Ben: What's that called? The power calculation?
Kamal: Yeah. So if you don't do a power calculation, there is one of maybe like, there's like 10 to 20 basic things trials should do, or at least in the paper. And very rarely are all those things done. And when you don't do those things, like when I was at my old position, the first project we did was of vitamin D guidelines. So in 2008, or nine, we were contracted by the federal government to do the systematic review for the upcoming guidelines. So for the first time in my life, I had to like really, really read deeply into papers and read a lot of papers. And first of all, it's really boring. So I recommend not doing that. But if you do do it, you'll find that papers are not nearly as good as you think they are because, this isn't for vitamin D, but for another project we did on fish oil. So in meta-analyses, they pool results of different studies. So a researcher will say a randomized control trial is the gold standard of research, and then meta-analysis is like even more of a gold standard, like a platinum standard, because it pools together results of a bunch of different rain mice trials.
I don't actually have that view because we said “do a lot of meta-analyses,” and the thing that ends up happening is that because researchers have to publish stuff or else they get fired, meta-analysis is a good way to publish something without doing a study yourself. So it doesn't mean that meta-analyses are bad, but what it does mean is that people who do meta-analyses are often not experts in that area. So we did have experts in vitamin D because we had a bunch of money that the government threw at us. But I used to read some meta-analyses on like fish oil, for example, and they would pool together results on fish oil, but they would pool together results from like Japan, and the US, and like Russia, or something. But people in Japan eat so much more fish and seafood from the time that they're young, in addition to other differences between people from Japan and people from Western countries, that the studies really possibly shouldn't be pooled at all. And once you start pooling studies that are not similar and populations that aren't similar, then you're no longer getting a more accurate result by doing the meta-analysis. You're probably just muddying the waters. And then when a meta-analysis gets reported, then people take it as like a super truth. Like, “Oh, there's 15 studies included in this meta-analysis. It has to be true.” It's not true. So it's very hard to detect those things, unfortunately, and you have to become familiar with the research to do that.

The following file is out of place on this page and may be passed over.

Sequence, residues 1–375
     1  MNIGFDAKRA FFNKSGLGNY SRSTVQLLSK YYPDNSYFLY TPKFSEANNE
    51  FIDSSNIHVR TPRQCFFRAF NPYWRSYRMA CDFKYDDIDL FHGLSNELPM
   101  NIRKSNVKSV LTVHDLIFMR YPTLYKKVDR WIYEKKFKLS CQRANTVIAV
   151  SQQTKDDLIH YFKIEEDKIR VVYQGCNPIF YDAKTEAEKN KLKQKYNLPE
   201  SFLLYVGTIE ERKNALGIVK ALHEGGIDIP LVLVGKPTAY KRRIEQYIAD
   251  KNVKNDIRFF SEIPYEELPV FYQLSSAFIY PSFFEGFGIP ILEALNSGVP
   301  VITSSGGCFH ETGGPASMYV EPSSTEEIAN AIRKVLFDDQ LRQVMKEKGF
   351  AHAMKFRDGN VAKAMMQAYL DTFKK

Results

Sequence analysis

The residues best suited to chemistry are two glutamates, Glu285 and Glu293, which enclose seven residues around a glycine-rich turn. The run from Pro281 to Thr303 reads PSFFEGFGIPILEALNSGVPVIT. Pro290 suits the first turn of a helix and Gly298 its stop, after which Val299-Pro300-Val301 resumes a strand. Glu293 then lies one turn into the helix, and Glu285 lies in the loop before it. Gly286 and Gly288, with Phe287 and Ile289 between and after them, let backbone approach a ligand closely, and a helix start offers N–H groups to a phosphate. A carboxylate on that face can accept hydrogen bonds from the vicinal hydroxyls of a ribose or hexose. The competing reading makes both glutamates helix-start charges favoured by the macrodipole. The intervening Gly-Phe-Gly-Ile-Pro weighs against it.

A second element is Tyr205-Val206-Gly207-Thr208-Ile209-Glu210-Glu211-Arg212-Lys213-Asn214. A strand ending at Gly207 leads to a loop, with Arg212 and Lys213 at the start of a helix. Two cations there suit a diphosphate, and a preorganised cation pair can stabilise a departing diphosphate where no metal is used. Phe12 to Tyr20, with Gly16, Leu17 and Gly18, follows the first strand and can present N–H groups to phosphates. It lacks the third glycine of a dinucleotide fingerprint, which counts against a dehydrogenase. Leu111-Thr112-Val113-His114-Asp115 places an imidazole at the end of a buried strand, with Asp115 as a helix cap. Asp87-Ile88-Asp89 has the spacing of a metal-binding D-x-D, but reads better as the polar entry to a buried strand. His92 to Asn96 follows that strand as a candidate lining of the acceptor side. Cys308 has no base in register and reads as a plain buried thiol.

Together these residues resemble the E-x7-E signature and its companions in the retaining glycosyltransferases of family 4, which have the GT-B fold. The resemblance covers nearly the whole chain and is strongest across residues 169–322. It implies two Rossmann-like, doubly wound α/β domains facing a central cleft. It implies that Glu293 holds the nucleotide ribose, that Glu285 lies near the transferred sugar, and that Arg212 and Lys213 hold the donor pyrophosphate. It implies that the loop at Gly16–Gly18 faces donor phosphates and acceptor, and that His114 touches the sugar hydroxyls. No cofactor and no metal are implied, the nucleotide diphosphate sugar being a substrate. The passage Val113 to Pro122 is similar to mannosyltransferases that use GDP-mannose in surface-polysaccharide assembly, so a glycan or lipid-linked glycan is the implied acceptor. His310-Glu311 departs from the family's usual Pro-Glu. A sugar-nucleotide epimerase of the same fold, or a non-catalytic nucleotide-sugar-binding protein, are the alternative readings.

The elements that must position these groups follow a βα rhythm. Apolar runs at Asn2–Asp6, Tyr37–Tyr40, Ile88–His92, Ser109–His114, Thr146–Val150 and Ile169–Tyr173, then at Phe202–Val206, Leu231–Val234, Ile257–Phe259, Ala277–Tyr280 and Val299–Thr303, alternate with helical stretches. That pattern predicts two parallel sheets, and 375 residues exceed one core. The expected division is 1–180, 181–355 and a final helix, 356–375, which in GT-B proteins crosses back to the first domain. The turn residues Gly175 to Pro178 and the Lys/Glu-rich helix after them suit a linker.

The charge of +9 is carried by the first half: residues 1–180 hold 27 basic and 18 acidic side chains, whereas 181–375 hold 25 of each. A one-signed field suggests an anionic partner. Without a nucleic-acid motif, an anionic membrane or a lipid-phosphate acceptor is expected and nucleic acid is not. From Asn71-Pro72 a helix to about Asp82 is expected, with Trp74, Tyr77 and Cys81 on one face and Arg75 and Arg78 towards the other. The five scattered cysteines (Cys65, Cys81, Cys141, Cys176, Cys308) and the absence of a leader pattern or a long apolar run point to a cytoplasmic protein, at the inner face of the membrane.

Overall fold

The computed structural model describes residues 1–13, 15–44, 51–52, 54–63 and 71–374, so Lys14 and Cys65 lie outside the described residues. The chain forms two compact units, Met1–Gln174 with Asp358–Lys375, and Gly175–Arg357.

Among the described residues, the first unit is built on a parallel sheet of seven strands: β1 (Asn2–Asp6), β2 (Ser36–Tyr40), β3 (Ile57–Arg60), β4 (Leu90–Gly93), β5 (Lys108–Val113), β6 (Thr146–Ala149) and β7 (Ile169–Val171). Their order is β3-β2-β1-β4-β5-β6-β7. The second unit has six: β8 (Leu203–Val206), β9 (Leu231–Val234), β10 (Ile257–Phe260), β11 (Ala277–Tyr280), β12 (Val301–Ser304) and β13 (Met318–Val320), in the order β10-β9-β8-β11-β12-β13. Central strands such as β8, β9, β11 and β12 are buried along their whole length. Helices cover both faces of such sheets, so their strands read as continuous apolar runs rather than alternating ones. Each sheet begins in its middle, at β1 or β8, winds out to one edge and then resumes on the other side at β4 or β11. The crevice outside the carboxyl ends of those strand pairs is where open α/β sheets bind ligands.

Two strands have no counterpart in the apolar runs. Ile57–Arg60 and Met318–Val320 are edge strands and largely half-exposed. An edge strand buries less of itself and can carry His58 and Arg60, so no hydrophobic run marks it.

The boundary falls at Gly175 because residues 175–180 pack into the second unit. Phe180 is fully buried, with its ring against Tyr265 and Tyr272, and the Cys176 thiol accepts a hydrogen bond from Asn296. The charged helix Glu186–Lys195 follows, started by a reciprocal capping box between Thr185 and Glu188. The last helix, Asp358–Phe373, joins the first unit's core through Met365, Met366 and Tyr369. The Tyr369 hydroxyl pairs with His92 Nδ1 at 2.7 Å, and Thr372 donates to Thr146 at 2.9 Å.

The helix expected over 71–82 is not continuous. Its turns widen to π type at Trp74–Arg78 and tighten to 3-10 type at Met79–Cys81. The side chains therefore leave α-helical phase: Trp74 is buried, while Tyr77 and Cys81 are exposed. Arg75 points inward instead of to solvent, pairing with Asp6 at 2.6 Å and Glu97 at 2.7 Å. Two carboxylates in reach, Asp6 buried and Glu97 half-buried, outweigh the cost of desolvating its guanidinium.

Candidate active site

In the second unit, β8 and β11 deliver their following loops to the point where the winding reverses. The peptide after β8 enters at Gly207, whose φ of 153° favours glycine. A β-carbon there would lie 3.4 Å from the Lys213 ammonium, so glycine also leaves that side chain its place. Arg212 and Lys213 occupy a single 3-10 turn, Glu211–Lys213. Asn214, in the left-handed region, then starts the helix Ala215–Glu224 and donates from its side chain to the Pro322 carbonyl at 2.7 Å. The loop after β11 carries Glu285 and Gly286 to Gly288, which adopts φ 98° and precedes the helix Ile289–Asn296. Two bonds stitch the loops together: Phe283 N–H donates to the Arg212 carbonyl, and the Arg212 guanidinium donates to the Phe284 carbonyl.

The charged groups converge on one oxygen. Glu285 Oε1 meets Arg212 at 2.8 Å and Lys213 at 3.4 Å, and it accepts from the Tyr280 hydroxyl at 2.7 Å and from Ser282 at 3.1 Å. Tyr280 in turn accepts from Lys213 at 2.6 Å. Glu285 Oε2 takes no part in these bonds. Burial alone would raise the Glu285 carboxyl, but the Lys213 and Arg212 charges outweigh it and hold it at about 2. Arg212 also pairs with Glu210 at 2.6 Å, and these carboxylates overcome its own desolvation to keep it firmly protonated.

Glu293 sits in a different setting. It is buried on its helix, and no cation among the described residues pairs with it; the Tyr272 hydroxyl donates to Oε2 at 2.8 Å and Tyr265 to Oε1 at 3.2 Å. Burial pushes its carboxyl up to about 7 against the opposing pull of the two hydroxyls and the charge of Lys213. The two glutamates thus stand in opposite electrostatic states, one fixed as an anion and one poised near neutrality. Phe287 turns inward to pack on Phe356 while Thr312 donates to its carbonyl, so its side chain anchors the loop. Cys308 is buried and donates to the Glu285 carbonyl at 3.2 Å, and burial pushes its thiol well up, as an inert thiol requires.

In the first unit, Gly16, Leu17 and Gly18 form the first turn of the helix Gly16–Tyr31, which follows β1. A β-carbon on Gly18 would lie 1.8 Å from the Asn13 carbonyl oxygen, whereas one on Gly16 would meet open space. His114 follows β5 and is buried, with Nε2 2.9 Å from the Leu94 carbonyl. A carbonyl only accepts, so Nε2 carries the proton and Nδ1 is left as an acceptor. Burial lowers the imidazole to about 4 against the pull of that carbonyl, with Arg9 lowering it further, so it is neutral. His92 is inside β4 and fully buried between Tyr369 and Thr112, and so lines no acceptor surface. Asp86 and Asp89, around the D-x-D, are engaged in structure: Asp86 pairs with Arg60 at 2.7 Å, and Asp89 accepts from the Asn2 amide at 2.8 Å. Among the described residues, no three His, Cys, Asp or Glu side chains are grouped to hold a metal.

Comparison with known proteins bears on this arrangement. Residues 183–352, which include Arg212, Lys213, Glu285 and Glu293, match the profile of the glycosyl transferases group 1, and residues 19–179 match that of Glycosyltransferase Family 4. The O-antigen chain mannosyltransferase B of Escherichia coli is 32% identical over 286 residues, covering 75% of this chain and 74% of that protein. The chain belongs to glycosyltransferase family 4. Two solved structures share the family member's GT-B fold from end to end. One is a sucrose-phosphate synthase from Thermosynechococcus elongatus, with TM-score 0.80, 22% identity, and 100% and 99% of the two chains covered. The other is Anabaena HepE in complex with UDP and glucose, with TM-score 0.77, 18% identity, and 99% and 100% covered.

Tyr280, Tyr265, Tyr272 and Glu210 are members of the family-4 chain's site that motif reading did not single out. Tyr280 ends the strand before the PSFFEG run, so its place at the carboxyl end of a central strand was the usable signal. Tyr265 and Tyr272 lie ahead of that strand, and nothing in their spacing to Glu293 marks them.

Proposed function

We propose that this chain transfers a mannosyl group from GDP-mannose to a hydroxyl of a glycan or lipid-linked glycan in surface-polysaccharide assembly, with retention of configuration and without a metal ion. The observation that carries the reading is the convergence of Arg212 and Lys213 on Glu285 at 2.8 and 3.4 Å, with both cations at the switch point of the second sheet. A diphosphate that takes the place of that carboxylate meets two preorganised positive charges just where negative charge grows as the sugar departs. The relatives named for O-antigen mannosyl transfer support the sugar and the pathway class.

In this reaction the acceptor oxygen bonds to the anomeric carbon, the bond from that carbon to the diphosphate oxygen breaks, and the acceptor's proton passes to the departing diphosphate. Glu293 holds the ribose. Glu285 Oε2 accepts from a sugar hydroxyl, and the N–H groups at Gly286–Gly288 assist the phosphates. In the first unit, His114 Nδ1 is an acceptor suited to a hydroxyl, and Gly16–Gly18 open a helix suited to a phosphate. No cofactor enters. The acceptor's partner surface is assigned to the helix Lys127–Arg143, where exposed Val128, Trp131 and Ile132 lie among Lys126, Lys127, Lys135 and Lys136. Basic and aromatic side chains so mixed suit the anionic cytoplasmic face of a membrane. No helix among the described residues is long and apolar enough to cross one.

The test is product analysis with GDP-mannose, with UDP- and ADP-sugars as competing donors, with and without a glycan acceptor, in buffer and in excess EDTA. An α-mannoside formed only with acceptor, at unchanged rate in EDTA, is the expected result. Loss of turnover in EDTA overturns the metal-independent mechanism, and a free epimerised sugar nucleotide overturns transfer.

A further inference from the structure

Ben: Yeah. So even these huge studies that come out that are studies of a whole bunch of studies, those are themselves flawed in many cases?
Kamal: Yeah. Now there's this sort of new thing called an “umbrella review”, which is a meta-analysis of meta-analyses. And it's crazy, 'cause on the one hand, there's only been one umbrella review on a nutrition thing, I think, and it was a vitamin D, and coincidentally it was by that guy John Ioannidis who did the study on 90% of medical findings being wrong. But he did this umbrella review of all the vitamin D outcomes because there's been so many different analyses, and his conclusion was that vitamin D is basically overhyped, that there's not as much solid research as you would think for vitamin D helping conditions. So on the one hand, I think it's cool that he did that study, and there are a lot of outcomes that vitamin D may or may not be type two that we just assume it is. But on the other hand the meta-analysis loses so much granularity of the individual studies that once you do a meta-analysis of meta-analyses, you're losing any granularity.
So like if a certain vitamin D study was done on post-menopausal women in Iowa, and then you pooled it together with this study of vitamin D in athletes, then you're already losing some granularity. But when you start pooling together different meta-analyses, then you're losing so much granularity that it's like, “why are you doing it in the first place?” Like should you do a meta-analysis of all micronutrients so that you can say that a multivitamin is either good or bad? No. ‘Cause a multivitamin is important because of the different micronutrients within it, not the fact that it's one pill. So, I don't know. I'm just ranting at this point, but I think it's just very hard to understand research by media headlines. So you have to get in…
Ben: One last quick question before I delve into asking you like some of the most proven supplements and stacks that you've found in this research that you've been doing, and that is like the whole idea behind abstracts. Like a lot of times, people will tweet in the abstract, and I do that sometimes. Like I'll place a post to an abstract, not a full article. Are there any cautionary steps that people should take when they're just reading the basic abstract, the basic summary of a study without actually delving into the details of the study itself. I mean is that dangerous to review an abstract, are there like red flags that you should look for? What do you do when it comes to reviewing an abstract? Or if somebody's listening in, what's the best way for them to get through an abstract that's looking at a supplement, or a diet, or an exercise program, or something like that?